As they were going along the road, someone said to him, "I will follow you wherever you go." And Jesus said to him, "Foxes have holes, and birds of the air have nests; but the Son of Man has nowhere to lay his head."

So this would be follower, approaches Jesus very enthusiastic. “I will follow you wherever you go,” Then Jesus goes and gets all Jesus-y. Why do you bring up foxes’ dens? Why mention birds’ nests? Why say you have neither? For me, it all comes down to Jesus’ motivation and this follower’s motivation. What are a fox’s den and a bird’s nest? Security. They are home, that place where we can let down our guard and be ourselves. Home can be a distraction, too. This follower was seeking security. This follower wanted to be safe. Jesus let the person know, you cannot be safe following me. I have no security. Jesus had turned his face to Jerusalem. He knew the outcome, and it definitely was not secure. When we follow where Christ will lead we cannot see over the brow of the hill. Where he leads we have no clue. I love that our two seminarians are both back today, serving at the altar. There is much uncertainty in what will come next for them. None of us, if we are truly following Jesus are secure in the way the world wants us to be secure.

Caveat here, we are secure in Christ. That is different. I think Jesus is saying to this would be follower, you are not going to get what you are seeking here, my friend. This will not happen. It was actually very loving of Jesus to nip it in the bud. The myth of control that we all seek gets in the way. Jesus calls us to follow, not steer. Our drive to security is a distraction when Jesus has set his face to Jerusalem.

To another he said, "Follow me." But he said, "Lord, first let me go and bury my father." But Jesus said to him, "Let the dead bury their own dead; but as for you, go and proclaim the kingdom of God."

This one is a hard one to hear, because Jesus sounds so mean. When we read it, we assume that this man’s dad just died. If so, Jesus was not hearing the obligation a Jewish son would have had to take care of his father, especially his funeral. Remember how Jesus worried about his mother even from the cross, looking at Mary and the disciple he loved?  And even Jesus had the disciple step in and take care of his obligation?

Now, because we would mention a funeral only when it was time for one does not mean that they would. It could, be sure you hear me say that, it could not does mean that. But what I hear in the man’s excuse is, “Let me take care of my familial obligations, and then I will do what the Kingdom needs.” He is saying, “I want to follow you, Jesus, but…” The distraction here is obligations. What do we choose to entangle our lives with? Jesus loved his friends and family. He was not heartless. I hear a deeper story, when one’s understood obligations get in the way of our following of Christ. Jesus is singularly focused and asks that of those following him.

Another said, "I will follow you, Lord; but let me first say farewell to those at my home." Jesus said to him, "No one who puts a hand to the plow and looks back is fit for the kingdom of God."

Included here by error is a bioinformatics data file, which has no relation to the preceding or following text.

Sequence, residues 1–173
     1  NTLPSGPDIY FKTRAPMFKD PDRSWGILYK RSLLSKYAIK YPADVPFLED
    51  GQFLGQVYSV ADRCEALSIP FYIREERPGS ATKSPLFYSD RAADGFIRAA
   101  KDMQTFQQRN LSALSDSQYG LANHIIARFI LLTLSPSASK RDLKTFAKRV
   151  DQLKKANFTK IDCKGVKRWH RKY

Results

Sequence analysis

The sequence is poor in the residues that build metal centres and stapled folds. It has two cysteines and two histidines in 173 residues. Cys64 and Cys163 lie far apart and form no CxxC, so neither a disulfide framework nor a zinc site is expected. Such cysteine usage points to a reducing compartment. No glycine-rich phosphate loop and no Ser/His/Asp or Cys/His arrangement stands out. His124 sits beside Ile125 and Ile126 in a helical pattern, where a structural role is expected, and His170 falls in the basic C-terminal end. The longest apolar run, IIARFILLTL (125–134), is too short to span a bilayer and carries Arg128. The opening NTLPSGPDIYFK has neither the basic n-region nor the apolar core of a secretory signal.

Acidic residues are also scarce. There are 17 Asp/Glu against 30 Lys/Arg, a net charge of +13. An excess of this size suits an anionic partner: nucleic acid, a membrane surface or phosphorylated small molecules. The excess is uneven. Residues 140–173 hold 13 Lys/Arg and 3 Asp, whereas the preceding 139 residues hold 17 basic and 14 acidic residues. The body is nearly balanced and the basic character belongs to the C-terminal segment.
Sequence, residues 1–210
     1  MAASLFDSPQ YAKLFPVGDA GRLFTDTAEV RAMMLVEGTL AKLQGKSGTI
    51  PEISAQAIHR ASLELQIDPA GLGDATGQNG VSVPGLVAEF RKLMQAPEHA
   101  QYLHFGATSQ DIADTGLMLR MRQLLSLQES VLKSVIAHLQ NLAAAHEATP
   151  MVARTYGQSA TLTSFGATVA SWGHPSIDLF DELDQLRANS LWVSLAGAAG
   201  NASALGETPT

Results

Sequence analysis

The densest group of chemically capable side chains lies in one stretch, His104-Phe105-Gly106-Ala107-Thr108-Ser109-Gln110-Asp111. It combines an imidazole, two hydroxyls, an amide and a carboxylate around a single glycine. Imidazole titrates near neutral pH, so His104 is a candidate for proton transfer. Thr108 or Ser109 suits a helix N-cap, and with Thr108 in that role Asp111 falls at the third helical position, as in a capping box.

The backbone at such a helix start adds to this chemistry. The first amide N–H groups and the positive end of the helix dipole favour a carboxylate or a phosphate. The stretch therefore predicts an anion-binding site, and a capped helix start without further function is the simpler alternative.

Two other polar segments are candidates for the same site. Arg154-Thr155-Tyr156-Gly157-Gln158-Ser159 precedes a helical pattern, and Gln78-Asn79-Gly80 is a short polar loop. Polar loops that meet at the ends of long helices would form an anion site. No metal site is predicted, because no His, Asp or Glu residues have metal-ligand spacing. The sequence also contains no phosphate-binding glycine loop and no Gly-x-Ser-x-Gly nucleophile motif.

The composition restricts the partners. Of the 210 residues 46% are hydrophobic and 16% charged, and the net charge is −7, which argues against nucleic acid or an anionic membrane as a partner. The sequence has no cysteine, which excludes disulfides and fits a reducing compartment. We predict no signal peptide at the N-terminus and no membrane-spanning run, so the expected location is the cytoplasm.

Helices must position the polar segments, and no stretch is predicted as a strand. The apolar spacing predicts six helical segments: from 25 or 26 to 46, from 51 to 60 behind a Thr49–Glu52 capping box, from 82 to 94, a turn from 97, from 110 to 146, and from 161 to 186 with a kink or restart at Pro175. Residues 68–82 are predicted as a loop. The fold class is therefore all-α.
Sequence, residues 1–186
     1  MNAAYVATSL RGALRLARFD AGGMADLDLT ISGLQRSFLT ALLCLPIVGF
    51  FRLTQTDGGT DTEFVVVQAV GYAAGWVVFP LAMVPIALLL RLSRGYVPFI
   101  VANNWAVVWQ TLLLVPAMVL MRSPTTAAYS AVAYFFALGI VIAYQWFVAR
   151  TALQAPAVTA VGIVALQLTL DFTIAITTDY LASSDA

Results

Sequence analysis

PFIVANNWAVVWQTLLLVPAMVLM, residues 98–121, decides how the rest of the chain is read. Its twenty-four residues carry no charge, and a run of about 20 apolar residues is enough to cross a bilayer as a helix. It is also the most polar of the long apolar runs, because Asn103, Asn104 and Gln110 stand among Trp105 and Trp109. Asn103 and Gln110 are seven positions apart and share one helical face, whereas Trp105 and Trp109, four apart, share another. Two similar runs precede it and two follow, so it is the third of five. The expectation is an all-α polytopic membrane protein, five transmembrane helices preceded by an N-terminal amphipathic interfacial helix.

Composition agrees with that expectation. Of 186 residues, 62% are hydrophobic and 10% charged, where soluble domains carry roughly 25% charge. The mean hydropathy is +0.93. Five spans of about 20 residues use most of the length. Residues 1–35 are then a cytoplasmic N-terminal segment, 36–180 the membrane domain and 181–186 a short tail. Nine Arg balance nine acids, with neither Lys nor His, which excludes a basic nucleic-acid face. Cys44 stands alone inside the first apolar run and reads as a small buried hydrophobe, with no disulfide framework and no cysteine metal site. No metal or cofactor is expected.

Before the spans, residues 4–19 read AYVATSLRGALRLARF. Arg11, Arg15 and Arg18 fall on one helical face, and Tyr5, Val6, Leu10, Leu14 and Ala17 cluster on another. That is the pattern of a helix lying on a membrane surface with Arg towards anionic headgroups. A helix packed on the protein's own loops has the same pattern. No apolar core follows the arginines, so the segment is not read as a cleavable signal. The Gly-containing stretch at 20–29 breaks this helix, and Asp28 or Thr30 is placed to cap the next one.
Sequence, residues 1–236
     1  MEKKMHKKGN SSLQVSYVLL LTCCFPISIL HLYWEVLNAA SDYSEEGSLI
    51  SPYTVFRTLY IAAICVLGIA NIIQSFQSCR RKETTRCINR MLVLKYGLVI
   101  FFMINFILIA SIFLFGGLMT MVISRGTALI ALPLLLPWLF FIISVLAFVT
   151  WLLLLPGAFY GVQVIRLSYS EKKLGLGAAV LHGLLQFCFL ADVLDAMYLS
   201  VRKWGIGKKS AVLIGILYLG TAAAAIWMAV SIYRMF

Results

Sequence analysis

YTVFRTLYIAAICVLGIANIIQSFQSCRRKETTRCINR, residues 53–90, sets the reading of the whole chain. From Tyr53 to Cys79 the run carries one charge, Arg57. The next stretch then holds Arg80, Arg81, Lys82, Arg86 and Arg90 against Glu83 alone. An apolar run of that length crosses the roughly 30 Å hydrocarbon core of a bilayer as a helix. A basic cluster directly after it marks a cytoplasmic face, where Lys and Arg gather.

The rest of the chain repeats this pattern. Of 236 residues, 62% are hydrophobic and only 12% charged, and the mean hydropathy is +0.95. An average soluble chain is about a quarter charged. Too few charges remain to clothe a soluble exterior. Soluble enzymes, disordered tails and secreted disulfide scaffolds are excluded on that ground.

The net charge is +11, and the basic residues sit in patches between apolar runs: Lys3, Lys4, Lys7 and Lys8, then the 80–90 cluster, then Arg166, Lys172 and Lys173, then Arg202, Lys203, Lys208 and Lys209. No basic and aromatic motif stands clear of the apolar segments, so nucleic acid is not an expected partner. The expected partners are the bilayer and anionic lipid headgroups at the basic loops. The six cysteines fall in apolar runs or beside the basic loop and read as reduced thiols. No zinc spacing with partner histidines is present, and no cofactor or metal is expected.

Another hard statement here, another excuse. “Let me go say goodbye.” I think Jesus knew, if you go back home you are not going to follow. Sometimes those strings of attachment keep us from following Christ. We are shackled by what we embrace. The idea of looking back, like Lot’s wife, might be the death of us, or of our faith. Our focused Jesus says, “No one who puts hand to the plow and looks back is fit for the kingdom of God.” Hard words. Jesus wants us focused as he is focused. Also, using his metaphor to the full, if you look back while you are plowing, you are going to be crooked. We need to look ahead.

One night, Stephanie and I were on a sailing trip in the Florida keys with friends, and we were trying to come into a harbor late. The reefs made it tricky. We had to line them up just right to make it in. If they were aligned you could make a straight shot between the reefs. I could not look around, or be distracted by the sunset. My focus had to be the lights and they would guide us safely home. Jesus’ advice to the follower was the same. Stay focused. Even our loved ones can be a distraction from committing ourselves to the Kingdom.

So, in all of these excuses and distractions Jesus gives us a model to follow, himself. We need to let go of our wants, our need to be on top, the myth of control, our obligations, and our clinging entanglements, and focus on one thing. That one thing, as Jesus put it, is the Kingdom of God. None of these things were necessarily bad, except maybe smiting villages with fire from heaven, but they were all distractions. And the distractions we can let go of.

As Paul closed the reading for today from Galatians, “If we live by the Spirit, let us also be guided by the Spirit.” We are not in this alone, we are still following someone, and he loves us even when we get in our own way with all these distractions. Maybe my wandering this week, without that needed focus, is exactly the same problem all these early followers had, if so,  Lord, please forgive. Thank you, Jesus, set our face, and may it always be focused on you. Amen.


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Blessings, Rock